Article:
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What is $\operatorname{rank}_{\mathbb{Z}} \mathbb{Q}$?

I think it is $\aleph_0$, but cannot figure out how the basis would look like.

Thank you in advance.

(I faced this when proving $(\mathbb{Q},+)$ is not a finitely generated group. If it is finitely generated, then $\mathbb{Q}$ is group-isomorphic to $\mathbb{Z}^r \times G$ where $G$ is some finite group. However, since $\mathbb{Q}$ is torsion-free, it is isomorphic to $\mathbb{Z}^r$. So the rank of $\mathbb{Q}$ over $\mathbb{Z}$ is finite, which I want to make a contradiction.)

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    $\begingroup$ If you define this "rank" to be the size of a maximal $\mathbb{Z}$-linearly independent subset of $\mathbb{Q}$, then it is $1$. In the usual definition, the rank of a unitary module $M$ over a unital ring $R$ is defined when (1) $M$ is a unitary free $R$-module and (2) $R$ has the invariant basis number property. Under this usual definition, the rank of $\mathbb{Q}$ is undefined as an abelian group, since it is not a free abelian group. $\endgroup$ – Batominovski Aug 9 '15 at 12:52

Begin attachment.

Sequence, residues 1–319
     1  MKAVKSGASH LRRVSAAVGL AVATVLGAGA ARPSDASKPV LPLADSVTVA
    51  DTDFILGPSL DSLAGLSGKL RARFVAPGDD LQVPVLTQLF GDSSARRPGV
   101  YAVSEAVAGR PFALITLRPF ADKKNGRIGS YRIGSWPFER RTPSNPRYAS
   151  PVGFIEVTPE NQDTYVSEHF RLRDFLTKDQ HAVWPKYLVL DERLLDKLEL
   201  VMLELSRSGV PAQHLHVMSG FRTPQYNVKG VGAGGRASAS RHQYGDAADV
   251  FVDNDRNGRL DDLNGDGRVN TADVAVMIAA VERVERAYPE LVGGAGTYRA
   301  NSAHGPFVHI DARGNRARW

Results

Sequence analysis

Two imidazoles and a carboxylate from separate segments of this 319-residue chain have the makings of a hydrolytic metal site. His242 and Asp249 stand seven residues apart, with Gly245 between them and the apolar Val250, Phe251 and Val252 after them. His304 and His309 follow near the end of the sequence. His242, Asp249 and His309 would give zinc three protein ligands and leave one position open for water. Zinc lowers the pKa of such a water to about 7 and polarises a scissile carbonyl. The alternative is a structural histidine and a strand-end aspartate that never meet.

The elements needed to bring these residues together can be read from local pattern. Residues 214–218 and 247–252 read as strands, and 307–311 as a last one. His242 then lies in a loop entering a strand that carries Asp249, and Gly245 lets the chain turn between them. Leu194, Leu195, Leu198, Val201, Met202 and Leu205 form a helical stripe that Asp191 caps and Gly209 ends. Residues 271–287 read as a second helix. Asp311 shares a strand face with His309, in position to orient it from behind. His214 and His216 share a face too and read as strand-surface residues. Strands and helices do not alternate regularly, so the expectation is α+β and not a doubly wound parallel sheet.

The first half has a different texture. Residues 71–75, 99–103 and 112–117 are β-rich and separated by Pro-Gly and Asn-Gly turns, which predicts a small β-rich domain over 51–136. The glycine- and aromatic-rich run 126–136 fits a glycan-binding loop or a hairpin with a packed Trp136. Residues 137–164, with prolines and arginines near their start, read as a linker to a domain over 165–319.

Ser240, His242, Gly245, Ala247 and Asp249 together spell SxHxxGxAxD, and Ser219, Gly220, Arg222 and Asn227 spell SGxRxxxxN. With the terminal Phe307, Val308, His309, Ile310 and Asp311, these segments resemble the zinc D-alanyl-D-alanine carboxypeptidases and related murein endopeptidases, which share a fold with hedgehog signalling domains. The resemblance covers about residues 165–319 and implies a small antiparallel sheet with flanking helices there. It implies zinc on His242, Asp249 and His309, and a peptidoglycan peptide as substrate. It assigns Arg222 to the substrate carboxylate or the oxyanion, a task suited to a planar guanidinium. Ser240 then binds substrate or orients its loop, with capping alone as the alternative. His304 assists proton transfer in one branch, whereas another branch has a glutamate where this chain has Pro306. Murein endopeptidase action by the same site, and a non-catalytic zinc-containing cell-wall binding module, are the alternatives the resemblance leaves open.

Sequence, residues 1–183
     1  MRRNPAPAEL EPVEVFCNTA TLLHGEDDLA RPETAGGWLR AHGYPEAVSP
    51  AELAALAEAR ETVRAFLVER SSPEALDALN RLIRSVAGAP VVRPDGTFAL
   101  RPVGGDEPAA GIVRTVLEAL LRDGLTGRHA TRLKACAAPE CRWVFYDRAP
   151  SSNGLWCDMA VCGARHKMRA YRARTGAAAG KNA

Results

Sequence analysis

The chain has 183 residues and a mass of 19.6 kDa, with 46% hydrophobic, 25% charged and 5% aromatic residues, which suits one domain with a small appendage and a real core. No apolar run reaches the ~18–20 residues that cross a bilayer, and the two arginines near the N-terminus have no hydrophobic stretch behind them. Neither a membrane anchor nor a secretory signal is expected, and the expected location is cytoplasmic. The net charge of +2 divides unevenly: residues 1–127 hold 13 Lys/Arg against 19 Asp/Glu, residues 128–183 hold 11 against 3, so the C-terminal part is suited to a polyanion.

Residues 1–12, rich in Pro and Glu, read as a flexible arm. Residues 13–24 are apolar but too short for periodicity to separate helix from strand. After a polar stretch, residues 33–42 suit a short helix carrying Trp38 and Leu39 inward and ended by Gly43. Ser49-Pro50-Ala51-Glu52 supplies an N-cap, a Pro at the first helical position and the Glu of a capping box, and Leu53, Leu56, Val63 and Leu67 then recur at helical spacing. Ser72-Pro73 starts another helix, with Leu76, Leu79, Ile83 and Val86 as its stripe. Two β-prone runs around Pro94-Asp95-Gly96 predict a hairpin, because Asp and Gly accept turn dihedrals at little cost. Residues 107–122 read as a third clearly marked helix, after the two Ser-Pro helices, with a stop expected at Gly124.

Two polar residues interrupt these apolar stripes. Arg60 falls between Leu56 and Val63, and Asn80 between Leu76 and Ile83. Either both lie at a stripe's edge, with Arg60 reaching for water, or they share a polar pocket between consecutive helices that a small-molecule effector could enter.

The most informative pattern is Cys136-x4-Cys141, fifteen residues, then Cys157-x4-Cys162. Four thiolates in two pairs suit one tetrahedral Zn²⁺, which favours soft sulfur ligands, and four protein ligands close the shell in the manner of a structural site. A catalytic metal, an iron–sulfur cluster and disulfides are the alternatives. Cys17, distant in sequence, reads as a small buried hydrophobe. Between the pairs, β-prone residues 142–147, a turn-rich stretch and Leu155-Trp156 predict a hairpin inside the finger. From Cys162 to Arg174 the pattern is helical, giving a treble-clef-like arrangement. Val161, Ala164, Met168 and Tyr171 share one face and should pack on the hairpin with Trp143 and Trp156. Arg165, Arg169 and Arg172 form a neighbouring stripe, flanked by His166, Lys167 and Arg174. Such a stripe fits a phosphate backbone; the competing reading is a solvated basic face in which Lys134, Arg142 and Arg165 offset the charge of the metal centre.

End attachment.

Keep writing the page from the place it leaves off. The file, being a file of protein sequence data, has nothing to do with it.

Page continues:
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    $\begingroup$ If you define the rank of an abelian group $G$ as $\dim_{\Bbb{Q}} G \otimes_{\Bbb{Z}} \Bbb{Q}$, then the rank of $\Bbb{Q}$ is $1$. $\endgroup$ – Crostul Aug 9 '15 at 12:54
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You're wrong: $\mathbf Q$ is not a free $\mathbf Z$-module, hence it has no rank.

To see this tae any two fractions, $\dfrac ab$ and $\dfrac cd$. A linear relation between them is: $$bc\cdot\frac ab-ad\cdot\frac cd=0.$$

More generally, no ring of fractions $S^{-1}A$ can be free over $A$, unless $A=S^{-1}A$.

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$\mathbb{Q}$ is not finitely generated because it is a division group. It is generated by countable elements because $\mathbb{Q}$ itself is countable.

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